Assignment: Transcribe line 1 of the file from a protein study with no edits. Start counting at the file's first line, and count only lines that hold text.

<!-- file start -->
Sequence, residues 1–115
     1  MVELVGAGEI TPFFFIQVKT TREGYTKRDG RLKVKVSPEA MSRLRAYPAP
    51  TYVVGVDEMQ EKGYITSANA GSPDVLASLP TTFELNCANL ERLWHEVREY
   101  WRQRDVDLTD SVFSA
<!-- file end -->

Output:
Sequence, residues 1–115